Quantum Computation … and Akbar?

By Jibran Rashid


At Habib, our undergraduate students are not only allowed, but also expected, to contribute to cutting edge problems in faculty project. This is exemplified in Dr. Jibran’s informal quantum information and computation discussion group, where students are introduced to fundamental quantum concepts such as non-locality and entanglement.

The deal with quantum

A ball thrown at a wall returns to its origin with velocity equal in magnitude but opposite in direction (assuming an ideal setup). In other words the direction or sign associated with the velocity in the beginning and at the end is anti-correlated. This is a direct consequence of the laws of physics. In essence these laws serve as a fundamental guiding principle through which we derive physical consequences such as the correlations above. The example may seem mundane given that such correlations are part of our every day experience. The intriguing nature of correlations produced by quantum physics (known as nonlocality) however defy such an intuitive explanation. In order to obtain a better appreciation of this quantum behaviour let us take a historical detour …
The Power of Informed Advice:
The advisor Birbal has a new lesson for the Mughal Emperor Akbar. Birbal suspects that since his accession to the throne Akbar has grown too dependent on his judgement and does not heed the advice of those around him. He intends to show Akbar the folly of his way by demonstrating that tasks which may seem impossible are made possible by reliance on a trustworthy and well-informed ally. To achieve this end, Birbal cooks up the following task for Akbar. Akbar is free to choose any question which is answerable by a simple `YES’ or ` NO’. The catch is that the information required to answer the question is not known to Akbar. The information is distributed between two of Akbar’s viziers in such a way that neither has complete information required to answer Akbar’s question. Given the political intrigue in the court the viziers do not trust each other or even Akbar with their share of information. The task for Akbar then is to figure out a way to obtain an answer to his question while burdened by these restrictions.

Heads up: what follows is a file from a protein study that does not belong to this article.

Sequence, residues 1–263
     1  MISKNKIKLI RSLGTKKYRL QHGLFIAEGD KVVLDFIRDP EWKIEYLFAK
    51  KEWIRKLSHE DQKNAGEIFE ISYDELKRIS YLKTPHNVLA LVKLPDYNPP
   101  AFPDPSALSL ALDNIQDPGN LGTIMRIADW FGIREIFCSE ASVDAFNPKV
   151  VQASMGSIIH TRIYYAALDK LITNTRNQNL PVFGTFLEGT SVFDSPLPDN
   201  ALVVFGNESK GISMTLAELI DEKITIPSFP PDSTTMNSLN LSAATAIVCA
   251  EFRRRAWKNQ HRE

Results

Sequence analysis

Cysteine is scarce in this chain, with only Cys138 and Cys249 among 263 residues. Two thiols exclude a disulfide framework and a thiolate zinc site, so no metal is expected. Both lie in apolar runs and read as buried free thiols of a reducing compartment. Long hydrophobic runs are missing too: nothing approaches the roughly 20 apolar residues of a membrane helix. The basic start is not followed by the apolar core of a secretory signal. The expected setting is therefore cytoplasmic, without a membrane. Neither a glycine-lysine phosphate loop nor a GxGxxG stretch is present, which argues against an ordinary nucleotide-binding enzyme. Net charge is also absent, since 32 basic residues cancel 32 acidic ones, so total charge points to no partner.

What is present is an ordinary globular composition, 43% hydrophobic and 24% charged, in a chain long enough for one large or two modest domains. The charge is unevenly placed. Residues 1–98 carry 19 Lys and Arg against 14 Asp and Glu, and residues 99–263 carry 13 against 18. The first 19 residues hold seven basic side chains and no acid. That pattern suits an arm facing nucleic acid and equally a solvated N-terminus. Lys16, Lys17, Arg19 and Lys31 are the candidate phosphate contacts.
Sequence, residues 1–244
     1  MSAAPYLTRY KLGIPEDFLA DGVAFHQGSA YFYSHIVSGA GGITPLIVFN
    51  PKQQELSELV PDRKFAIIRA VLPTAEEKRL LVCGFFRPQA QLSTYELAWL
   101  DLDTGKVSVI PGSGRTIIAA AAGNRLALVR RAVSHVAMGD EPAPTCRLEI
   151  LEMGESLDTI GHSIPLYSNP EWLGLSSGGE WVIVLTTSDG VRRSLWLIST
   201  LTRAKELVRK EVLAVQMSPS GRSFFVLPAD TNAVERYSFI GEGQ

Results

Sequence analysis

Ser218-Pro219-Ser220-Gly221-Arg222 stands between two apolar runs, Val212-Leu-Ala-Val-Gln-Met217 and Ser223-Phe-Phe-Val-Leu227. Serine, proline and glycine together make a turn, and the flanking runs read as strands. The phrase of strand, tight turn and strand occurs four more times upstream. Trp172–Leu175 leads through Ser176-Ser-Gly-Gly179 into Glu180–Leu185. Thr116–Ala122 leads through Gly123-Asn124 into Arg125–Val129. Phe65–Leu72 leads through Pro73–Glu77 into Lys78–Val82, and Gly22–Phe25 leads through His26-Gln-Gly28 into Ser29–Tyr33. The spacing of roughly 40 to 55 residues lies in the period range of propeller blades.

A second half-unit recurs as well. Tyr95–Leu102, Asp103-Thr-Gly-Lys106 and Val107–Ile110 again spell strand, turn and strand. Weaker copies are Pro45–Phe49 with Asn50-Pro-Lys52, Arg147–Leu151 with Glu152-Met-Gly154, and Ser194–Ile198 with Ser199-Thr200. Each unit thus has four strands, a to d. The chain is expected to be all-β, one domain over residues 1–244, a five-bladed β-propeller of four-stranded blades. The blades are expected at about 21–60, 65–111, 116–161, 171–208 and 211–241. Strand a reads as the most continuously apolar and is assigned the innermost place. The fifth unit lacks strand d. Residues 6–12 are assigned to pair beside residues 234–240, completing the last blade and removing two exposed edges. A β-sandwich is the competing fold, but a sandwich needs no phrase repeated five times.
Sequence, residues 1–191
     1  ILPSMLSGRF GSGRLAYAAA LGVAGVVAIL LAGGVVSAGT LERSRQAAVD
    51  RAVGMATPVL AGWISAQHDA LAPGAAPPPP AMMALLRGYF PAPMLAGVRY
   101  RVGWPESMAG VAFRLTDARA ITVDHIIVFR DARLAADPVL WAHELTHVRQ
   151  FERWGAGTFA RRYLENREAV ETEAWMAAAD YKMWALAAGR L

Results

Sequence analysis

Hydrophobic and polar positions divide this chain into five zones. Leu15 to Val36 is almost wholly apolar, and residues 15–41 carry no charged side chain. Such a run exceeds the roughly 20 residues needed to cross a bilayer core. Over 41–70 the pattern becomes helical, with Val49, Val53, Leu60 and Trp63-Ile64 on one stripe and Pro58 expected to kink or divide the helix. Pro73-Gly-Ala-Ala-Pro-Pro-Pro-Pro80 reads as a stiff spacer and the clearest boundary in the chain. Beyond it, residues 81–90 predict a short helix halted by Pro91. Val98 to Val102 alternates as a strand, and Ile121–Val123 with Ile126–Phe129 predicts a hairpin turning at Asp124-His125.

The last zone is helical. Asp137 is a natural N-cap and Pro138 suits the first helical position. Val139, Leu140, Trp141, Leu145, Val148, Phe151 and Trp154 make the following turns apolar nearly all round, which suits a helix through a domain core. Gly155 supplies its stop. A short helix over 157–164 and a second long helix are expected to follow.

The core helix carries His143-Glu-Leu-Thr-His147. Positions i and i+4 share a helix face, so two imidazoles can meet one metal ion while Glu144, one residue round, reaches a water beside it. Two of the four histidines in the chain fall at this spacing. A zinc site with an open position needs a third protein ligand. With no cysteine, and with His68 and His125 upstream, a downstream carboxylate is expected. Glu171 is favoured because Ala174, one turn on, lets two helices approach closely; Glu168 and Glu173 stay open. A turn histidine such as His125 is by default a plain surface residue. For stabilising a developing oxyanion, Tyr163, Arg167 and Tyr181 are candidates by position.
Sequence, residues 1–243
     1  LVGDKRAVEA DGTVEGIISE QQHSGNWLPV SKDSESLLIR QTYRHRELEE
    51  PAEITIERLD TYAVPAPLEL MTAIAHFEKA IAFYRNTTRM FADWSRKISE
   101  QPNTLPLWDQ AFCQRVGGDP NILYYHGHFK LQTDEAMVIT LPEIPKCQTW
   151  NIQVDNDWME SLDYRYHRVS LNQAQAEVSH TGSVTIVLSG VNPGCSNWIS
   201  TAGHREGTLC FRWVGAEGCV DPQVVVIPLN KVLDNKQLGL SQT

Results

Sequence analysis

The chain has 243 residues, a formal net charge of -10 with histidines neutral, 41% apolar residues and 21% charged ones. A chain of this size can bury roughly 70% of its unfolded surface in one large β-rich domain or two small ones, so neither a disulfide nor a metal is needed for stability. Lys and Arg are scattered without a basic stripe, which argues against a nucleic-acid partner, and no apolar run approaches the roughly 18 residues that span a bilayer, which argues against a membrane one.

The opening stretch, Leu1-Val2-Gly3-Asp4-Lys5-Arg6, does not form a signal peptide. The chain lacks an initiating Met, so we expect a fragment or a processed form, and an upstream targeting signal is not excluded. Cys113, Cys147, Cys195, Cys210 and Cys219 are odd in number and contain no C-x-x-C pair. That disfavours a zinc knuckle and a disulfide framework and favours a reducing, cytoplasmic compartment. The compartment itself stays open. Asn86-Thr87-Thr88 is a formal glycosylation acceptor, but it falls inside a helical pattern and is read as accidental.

Try as he may, Akbar is unable to resolve this conundrum and finally resorts to seek advice from his favourite advisor. Birbal asks permission to act as an advisor to both the viziers from whom Akbar seeks the answer. He secretly dispatches individual set of instructions to Akbar and both the viziers. Birbal guarantees that if his instructions are followed, the outcome will satisfy everyone, i.e.,

  1.  Birbal does not learn either Akbar’s question or the secret information of each vizier required to
    answer the query.
  2. Akbar does not learn the secret information of each vizier required to answer his question.
  3. Neither of the two viziers learn each other’s secret information.
  4. Akbar learns the answer to his question.

Akbar’s scepticism of Birbal’s claim gives way to wonder as he witnesses the instructions in action again and again. Repeating Akbar’s instructions multiple times with a different set of questions and viziers finally convinces Akbar that Birbal’s instructions work. So what exactly were Birbal’s  instructions? To find out visit our quantum computation class!